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Boerhavia diffusa

Botanical Name : Boerhavia diffusa
Family: Nyctaginaceae
Genus: Boerhavia
Species: B. diffusa
Kingdom: Plantae
Order: Caryophyllales

Synonyms : B. coccinea. B. repens. L.
English Name / Common Name: Spreading Hogweed / Boerhavia
Sanskrit / Indian Name: Punarna
Other Common Names:Punarnava , Boerhavia Diffusa, Hirsuta , Erva Tostao , Red Hogweed , Hog Weed , Pig Weed, Tar Vine, Red spiderling
Part Used :Root, Seed,whole plant
Properties :Anti- Inflammatory, Panduhar(Checks Anemia), Cardiac-tonic,Analgesic
Habitat:This weed grows throughout India, Bangla Desh, Burma,Sri Lanka and in many tropical countries  of the world like Australia – New South Wales, Queensland, South Australia, Victoria.   It grows in a pioneer of bare areas, usually found on dry sandy soils.

Description:Boerhavia diffusa is a perennial creaping  plant. It grows  to 0.1 m (0ft 4in) by 0.5 m (1ft 8in). It has a large root system and produces yellow and white flowers. It is in flower from Jun to September, and the seeds ripen from Jun to September. The flowers are hermaphrodite (have both male and female organs). CLICK & SEE

You may click to see the pictures of Red Hogweed

Suitable for: light (sandy) and medium (loamy) soils and prefers well-drained soil. Suitable pH: acid, neutral and basic (alkaline) soils. It cannot grow in the shade. It prefers dry or moist soil and can tolerate drought.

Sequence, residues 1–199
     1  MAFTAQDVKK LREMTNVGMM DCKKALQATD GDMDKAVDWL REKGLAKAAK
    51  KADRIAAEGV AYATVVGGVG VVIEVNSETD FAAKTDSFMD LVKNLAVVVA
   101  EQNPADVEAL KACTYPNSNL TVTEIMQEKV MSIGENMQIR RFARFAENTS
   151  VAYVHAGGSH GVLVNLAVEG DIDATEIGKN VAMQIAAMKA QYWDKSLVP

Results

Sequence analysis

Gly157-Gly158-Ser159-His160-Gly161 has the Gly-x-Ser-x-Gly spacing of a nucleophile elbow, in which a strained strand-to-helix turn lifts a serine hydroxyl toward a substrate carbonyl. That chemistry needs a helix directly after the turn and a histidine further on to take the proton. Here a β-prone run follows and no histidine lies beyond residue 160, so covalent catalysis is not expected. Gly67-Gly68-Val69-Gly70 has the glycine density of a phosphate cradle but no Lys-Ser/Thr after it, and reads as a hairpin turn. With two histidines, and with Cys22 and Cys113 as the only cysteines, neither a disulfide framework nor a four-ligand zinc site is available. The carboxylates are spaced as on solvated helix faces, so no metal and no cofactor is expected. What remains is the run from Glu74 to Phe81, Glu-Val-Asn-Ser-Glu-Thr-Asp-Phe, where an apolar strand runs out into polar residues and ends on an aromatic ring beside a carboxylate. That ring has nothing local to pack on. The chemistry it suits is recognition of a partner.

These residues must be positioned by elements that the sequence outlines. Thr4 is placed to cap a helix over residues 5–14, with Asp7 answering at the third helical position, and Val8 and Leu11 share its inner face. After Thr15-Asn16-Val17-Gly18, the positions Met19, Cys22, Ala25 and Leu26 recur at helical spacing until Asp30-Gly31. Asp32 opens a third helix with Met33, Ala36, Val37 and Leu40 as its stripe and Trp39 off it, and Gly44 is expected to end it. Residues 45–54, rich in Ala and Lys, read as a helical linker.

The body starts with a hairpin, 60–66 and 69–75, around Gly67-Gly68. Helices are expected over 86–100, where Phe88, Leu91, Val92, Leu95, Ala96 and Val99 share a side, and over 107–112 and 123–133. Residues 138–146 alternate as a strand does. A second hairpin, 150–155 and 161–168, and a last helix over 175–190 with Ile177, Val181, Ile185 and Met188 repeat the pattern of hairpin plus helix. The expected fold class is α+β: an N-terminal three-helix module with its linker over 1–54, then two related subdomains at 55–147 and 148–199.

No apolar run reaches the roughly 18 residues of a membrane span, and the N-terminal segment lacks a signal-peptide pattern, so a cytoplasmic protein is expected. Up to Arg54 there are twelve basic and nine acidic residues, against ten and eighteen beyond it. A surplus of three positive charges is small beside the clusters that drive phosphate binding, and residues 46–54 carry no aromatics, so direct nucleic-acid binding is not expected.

Cultivation:
It is hardy to at least -7°c in Australian gardens but this cannot be translated directly to the British climate because our summers are cooler and our winters longer, colder and wetter. If the plant is capable of surviving our winters it is likely to need a sheltered very sunny position in a well-drained soil. Most if not all members of this genus have the same edible uses.

Propagation:
Seed -..sowing the seed in a greenhouse in the spring. When they are large enough to handle, prick the seedlings out into individual pots and grow them on in the greenhouse for at least their first winter. Plant them out into their permanent positions in late spring or early summer, after the last expected frosts. Cuttings

Medicinal Uses:Bitter, stomachic, laxative, diuretic, expectorant, rejuvenative, diaphoretic, emetic Root-purgative, anthelmintic, febrifuge; White-laxative, diaphoretic;

The extract of Punarnava has diuretic properties. It helps to maintain effective kidney function. Punarnava helps maintain efficient kidney function, with its diuretic, anti-spasmodic and anti-inflammatory action. It is a very useful herb in treating edema.

Punarnava Root Powder (Boerhaavia Diffusa) is known in Ayurveda for its diuretic action. This herb is also used to cleanse the liver, and for a variety of heart conditions.